Nevertheless, there have been assertions from non-imps that Russia falls into the category of a net importer of FDI, and is therefore a subordinate country. In fact, Russia not only has significant and increasing outward investment, but over the past few years its net FDI flow has changed from being inward to being outward.
There are two measures of FDI – flow and stock. This is the UNCTAD definition: http://unctad.org/en/Pages/DIAE/FDI%20Statistics/Sources-and-Definitions.aspx. As I understand it, what this boils down to is that FDI flow records the amount of investment carried out in a particular year, while FDI stock records the cumulative amount year on year, based on assets and the fruit of past investments. In the case of Russia, which has only become imperialist during the past decade, we would expect the stock figures to be low as they include the time when Russia was reeling from counter-revolution and could not be described as imperialist. FDI flow is a better measure of the recent trend, since it is not burdened by low accumulation rates from the past. The figures that you and Breitman were citing at the previous local meeting were FDI stock figures, which showed net inward investment (although it also showed substantial and increasing amounts of outward investment, again fulfilling the criteria we established for Tsarist Russia).
FDI flow, the measure of investment in a particular year, records a different story: that there was a substantial increase in investments in and out of Russia beginning about a decade ago, and since 2009 FDI flow has moved into the black.
Here is a graph of Russia FDI flow over the past 20 years (based on data from http://unctadstat.unctad.org, in attached spreadsheet):
And this for FDI stock over the same period:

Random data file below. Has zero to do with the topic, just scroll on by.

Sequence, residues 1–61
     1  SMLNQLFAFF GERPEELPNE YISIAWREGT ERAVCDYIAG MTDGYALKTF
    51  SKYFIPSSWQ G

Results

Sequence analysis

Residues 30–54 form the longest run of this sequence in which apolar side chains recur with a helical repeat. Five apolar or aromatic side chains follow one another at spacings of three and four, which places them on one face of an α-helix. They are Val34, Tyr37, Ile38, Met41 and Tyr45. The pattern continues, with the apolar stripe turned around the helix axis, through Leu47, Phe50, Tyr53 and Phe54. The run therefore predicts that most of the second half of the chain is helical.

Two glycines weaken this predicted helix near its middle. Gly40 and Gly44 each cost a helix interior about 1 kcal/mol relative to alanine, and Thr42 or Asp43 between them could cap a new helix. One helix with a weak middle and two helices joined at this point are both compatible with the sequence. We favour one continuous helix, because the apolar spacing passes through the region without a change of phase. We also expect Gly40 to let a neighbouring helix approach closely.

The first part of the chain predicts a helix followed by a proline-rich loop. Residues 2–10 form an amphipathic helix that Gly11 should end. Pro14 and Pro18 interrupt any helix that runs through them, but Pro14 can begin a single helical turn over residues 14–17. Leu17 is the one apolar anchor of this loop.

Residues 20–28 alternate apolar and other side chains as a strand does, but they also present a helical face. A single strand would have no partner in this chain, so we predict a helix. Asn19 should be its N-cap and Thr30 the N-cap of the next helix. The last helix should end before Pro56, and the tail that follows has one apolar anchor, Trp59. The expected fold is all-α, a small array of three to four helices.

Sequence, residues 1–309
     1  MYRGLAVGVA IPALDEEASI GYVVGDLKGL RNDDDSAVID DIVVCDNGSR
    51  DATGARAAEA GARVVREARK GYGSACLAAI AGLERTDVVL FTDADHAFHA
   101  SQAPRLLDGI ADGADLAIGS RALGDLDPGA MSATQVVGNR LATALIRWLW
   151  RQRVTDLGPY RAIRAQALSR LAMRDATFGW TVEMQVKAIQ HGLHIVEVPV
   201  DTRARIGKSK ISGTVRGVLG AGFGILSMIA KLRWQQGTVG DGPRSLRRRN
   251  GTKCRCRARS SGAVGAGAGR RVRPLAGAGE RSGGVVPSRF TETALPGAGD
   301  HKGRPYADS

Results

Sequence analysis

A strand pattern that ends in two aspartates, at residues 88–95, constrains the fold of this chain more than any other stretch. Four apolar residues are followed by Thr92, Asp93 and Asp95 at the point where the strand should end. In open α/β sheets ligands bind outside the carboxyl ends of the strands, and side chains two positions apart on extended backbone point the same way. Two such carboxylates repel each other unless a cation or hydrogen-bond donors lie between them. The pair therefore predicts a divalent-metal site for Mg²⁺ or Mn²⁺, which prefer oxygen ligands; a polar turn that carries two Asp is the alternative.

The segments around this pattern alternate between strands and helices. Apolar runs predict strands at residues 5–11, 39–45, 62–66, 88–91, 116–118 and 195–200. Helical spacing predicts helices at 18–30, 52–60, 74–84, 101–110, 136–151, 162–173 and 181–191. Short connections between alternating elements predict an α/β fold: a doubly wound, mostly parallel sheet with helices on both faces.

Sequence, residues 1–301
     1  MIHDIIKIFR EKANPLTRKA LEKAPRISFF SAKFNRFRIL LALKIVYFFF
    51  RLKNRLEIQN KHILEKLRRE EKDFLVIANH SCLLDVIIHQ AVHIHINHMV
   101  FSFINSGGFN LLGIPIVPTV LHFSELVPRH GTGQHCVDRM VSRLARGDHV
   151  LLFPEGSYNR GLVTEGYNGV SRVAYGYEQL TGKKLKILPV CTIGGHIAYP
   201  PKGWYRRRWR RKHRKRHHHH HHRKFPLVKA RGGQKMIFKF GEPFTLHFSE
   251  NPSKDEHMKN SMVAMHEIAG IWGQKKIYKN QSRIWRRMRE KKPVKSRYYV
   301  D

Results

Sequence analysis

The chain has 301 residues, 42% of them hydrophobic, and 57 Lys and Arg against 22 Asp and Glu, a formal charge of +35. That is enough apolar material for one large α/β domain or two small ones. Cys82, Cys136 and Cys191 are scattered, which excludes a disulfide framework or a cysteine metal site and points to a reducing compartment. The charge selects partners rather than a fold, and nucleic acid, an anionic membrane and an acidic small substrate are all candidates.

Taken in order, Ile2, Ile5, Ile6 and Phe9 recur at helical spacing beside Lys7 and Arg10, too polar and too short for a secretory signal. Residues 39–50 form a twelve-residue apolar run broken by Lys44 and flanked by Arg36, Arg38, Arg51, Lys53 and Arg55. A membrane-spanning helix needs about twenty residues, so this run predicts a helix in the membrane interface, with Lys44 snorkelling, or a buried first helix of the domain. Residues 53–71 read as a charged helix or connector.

Even the stock figures show a dramatic increase in Russian outward investment over the past decade.
It has been suggested that this increase in outward investment is related to the rise in oil and natural gas prices (since similar increases were seen in some other oil-exporting counties). This is undoubtedly true, but I’m not sure I see the significance of that if Russia’s ruling class has leveraged the massive profits from its natural resource oligopolies to extend and significantly deepen its foreign investments, cementing its status as an independent exploiter of weaker countries.
By way of comparison, here are some graphs comparing Russia and Brazil, showing that despite some (not unexpected) numeric similarities between a weak imperialist economy and arguably the strongest non-imperialist, when it comes to foreign investment they are in different leagues.
First, outward investment:
And net FDI:
This economic data is part of an overall picture that has seen Russia playing an increasing role on the world stage as one of the powerful countries competing for resources, markets and influence, over exactly the same period – the past decade and particularly since the war in Georgia when we began our debate. If it wasn’t clear then that Russia has become an imperialist power, it is now.